If you’re a notoriously bad gift giver or you’ve got more money than time, consider hiring a professional gift buying consultant who can help you use your budget wisely and make you look good at the same time.

 

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The secret to being seen as totally unique

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I was very flattered when the woman on the phone told me she heard me speak a few years ago and has been hanging on to my card ever since. But the conversation took a turn for the worse when she then said, “I want to work with you, but I’m afraid when everyone else in my industry sees what we’re doing they’ll copy me and steal our ideas.  And if we work together, you couldn’t work with anyone else in my industry.”

 Wait…What?

First of all, an entrepreneur who is serious about standing out in their field, can’t allow the fear that someone will copy what she’s doing keep her from taking action.

A mindset like hers tells me this person is operating on fear because she’s not confidently and clearly positioned in the market.

Positioning is the action of communicating your unique value so clearly that you get into the mind of your ideal buyer and anchor yourself in so deeply that everyone else is seen as just an also ran.

Your Position is a combination of…

  • the role you play for clients
  • the niche segment you serve
  • the problem you solve
  • your approach to solving the problem

It gets communicated visually — through your brand elements like website, logo, color palette, and your or your staff’s appearance — and verbally — through the tone of voice you use as well as your specific word choice (I use “verbally” to mean written or spoken, online and offline)– and is the foundation of the brand you’re building.

This is about more than just about “brand awareness” or being known for what you do.

When I say “soda” (or “pop” as they call it up here in the Niagara Falls region), your first thought may be of Coke. But that doesn’t matter if Pepsi is what you spend your money on.

The best positioning goes deeper than just the mind. It resonates with the potential client’s heart.

There are four steps to Positioning:

First you have to actually get clear on who and what your business and offerings are all about.

The Father of Modern Advertising — the legendary David Ogilvy — called Positioning “the most important decision you can make” about an offering. That’s because it impacts every other decision you need to make about said offering.

Committing to claiming a position is a brave act — something solo professionals or the owners of small firms might talk about but often resist at a subconscious level for fear claiming a position is going to turn away too much business.

Ogilivy was faced with how to position Dove® soap and the decision is a great example of how powerful the choice is.

He had to decide if Dove® should be positioned as a a cleaning agent — something that gets skin very clean — or should it be positioned as a softening agent — something that cleanses skin while also making it soft?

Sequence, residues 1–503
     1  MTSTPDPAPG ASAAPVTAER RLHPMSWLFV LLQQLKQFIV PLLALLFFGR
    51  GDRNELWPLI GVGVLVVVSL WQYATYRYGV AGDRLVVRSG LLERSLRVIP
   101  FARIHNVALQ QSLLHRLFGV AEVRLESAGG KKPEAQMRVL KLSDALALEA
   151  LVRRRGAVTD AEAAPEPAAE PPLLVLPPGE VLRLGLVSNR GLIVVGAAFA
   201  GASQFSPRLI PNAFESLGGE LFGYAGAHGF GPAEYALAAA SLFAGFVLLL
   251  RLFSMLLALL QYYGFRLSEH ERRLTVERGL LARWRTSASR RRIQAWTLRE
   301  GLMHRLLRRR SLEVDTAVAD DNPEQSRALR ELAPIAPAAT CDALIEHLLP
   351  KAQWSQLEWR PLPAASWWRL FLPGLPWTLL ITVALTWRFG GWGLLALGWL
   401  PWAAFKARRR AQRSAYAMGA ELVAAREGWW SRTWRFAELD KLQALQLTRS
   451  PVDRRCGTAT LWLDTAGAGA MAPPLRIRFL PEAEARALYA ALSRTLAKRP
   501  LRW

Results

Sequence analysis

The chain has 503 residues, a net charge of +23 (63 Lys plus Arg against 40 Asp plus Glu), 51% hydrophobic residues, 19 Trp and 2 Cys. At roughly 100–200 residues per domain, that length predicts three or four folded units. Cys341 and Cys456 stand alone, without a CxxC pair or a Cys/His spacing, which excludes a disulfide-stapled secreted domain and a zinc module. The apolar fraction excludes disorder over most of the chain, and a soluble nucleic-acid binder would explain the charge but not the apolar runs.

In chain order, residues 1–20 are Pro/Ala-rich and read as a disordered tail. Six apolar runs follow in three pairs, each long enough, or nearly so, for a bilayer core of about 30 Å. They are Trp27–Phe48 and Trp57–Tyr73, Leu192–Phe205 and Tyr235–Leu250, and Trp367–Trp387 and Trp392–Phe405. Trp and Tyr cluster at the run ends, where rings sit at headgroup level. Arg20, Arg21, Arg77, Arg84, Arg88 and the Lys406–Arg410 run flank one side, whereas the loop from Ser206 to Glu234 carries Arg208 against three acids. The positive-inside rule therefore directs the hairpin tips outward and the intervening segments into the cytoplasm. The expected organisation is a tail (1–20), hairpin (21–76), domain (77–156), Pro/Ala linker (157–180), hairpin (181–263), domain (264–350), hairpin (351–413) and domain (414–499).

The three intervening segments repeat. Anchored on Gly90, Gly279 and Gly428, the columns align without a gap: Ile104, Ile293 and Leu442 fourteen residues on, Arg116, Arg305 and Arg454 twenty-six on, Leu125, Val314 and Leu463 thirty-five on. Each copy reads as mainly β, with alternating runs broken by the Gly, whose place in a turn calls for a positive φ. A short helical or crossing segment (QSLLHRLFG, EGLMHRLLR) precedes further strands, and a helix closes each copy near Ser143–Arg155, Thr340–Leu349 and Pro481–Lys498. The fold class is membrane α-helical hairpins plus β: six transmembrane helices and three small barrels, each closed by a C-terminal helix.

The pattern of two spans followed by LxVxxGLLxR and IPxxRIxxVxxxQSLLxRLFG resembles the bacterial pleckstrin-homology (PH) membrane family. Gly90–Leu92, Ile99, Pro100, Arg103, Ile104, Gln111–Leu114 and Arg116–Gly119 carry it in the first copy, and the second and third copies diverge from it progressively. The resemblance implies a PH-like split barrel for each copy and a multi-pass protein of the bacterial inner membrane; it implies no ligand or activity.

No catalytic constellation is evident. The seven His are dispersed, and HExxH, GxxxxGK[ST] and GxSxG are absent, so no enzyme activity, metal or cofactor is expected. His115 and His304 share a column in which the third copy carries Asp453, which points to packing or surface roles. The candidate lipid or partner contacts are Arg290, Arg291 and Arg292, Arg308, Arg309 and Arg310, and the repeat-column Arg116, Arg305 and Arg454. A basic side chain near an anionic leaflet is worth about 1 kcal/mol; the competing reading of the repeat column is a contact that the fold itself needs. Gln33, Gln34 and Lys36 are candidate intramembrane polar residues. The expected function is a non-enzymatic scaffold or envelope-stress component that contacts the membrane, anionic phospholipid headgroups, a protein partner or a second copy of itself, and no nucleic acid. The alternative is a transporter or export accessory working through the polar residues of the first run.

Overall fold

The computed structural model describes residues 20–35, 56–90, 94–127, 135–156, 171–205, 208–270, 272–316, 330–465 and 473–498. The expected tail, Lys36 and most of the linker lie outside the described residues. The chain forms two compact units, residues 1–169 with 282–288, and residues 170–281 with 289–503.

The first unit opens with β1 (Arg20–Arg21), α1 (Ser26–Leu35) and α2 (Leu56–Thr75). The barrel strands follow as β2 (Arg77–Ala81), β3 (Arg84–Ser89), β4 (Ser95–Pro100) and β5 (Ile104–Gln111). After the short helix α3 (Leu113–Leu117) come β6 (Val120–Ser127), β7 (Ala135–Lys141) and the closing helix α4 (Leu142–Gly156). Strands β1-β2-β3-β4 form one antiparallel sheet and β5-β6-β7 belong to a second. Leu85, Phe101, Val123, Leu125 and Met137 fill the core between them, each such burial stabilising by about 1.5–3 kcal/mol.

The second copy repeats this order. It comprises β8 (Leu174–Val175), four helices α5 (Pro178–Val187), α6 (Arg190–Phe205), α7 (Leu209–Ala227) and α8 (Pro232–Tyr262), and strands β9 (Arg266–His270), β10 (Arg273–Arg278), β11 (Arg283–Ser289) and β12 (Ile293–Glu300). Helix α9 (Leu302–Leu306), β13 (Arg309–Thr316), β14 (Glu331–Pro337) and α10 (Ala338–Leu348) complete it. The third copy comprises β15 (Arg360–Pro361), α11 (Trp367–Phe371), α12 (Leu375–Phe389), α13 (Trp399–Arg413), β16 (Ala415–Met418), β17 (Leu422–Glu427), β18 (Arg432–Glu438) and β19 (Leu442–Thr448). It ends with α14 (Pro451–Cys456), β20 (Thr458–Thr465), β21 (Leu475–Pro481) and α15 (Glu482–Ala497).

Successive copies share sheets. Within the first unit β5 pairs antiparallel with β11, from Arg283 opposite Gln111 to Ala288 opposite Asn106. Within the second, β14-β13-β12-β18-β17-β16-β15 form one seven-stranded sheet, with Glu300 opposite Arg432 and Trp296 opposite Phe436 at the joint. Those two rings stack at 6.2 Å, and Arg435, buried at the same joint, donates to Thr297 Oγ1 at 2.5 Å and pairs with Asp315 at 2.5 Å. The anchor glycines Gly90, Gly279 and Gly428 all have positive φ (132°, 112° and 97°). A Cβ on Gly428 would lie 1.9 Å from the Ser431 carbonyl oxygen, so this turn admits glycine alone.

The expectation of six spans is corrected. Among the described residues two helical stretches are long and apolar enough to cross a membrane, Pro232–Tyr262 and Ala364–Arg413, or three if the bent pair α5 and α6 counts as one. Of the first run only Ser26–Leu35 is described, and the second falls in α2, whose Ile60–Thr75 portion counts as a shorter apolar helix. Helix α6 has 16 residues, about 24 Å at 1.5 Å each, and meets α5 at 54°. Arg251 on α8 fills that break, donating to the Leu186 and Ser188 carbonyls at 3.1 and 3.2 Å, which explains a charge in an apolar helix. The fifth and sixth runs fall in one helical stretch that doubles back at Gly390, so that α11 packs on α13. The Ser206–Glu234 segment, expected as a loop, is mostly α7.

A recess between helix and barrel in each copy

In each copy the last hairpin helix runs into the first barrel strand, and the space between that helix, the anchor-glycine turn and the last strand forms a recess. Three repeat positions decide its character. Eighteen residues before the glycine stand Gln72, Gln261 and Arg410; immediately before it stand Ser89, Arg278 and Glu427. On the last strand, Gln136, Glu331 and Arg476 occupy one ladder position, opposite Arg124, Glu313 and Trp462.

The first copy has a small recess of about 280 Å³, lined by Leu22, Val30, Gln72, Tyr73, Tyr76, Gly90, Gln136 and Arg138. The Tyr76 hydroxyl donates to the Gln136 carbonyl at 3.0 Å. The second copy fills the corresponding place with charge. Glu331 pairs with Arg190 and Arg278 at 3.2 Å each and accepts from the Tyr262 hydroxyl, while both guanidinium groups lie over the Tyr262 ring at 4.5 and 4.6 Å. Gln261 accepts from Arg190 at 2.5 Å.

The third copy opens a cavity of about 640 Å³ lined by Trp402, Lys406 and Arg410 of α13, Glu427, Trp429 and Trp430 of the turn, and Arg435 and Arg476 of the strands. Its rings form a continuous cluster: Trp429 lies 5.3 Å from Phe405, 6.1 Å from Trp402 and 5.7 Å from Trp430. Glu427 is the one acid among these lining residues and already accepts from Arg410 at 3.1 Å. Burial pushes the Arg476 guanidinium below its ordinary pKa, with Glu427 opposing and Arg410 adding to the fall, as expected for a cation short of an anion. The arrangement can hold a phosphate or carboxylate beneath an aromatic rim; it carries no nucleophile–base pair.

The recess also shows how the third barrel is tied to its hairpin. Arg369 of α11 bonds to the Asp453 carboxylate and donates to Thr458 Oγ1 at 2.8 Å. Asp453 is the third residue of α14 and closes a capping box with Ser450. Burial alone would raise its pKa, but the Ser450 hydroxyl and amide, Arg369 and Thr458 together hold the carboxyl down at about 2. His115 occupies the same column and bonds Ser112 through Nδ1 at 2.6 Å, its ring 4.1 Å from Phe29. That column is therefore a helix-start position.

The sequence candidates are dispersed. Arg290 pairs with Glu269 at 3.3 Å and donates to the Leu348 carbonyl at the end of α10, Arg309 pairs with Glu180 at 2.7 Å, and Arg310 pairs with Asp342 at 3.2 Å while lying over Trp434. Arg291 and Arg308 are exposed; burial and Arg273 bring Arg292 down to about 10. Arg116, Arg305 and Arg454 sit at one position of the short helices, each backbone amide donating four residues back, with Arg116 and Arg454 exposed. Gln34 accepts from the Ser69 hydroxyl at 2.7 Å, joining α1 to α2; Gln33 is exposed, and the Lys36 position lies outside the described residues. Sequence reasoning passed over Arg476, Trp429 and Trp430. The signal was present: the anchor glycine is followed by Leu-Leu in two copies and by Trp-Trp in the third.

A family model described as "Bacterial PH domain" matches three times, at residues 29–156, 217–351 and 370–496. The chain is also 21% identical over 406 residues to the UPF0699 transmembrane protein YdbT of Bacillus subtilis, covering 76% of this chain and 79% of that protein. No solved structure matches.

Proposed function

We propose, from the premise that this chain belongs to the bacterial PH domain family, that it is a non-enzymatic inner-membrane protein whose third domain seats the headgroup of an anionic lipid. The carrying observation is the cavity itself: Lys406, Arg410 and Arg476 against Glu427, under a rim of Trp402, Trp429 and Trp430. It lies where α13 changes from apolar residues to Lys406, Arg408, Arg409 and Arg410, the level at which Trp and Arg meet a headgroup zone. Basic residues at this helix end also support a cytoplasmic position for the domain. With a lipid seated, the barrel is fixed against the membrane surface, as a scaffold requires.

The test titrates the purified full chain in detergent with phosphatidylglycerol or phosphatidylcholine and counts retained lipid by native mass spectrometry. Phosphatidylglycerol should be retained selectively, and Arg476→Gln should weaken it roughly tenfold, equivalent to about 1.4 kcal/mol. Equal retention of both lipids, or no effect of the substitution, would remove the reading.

Lever accepted his recommendation about 50 years ago and it’s still the foundation of Dove’s position.

The second step is getting found. It doesn’t matter if you’re the best at what you do. If those who want what you offer can’t find you or your insight when they need you, you’re struggling. Since the majority of people turn to the Internet to begin the search to solve a problem, you need a large digital footprint that communicates your position effectively so you resonate cognitively and emotionally with your Ideal Clients.  And whatever you do needs to be able to be viewed no matter the tech device used.

Step three is to get into their heart. It doesn’t matter if you’re first in their mind or not. What matters is if they know, like, and trust you enough to choose to work with you. H&R Block might be the first name I think of if you say “Tax Accounting” but that’s not who I trust with my taxes. I might have moved 500 miles away from Bob, my accountant, but he still does my taxes.

Bob’s in my heart. And by getting into my heart he’s my go-to choice.

The fourth step is staying top of mind. Professional solution providers are nervous about this because we’re worried we’ll come across as a pest or that we’ll be seen as salesy.

But when your overworked, overwhelmed ideal client needs a solution provider they can often make a decision driven by convenience. The person who sent them an email this morning may get the business because the client forgot about you.

If you’re ready to truly attract more of your best clients and make it easy for others to refer you, then it’s time to uncover, embrace, and fully communicate your unique so you’re clearly differentiated from the others in your industry segment.

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The secret to powerful messaging that’s not salesy

If you’re a consultant, coach, licensed service professional or other expert who’s stock in trade is their expertise, one issue you may struggle with is getting your message out in a powerful way that doesn’t come across as salesy.

If you’re a corporate escapee like me, you were probably an expert at talking about the problems your employer’s customers had. But once out on your own, you’ve probably struggled to create a message that consistently resonates with the mind and heart of your ideal clients (who I refer to as your Prime Suspects).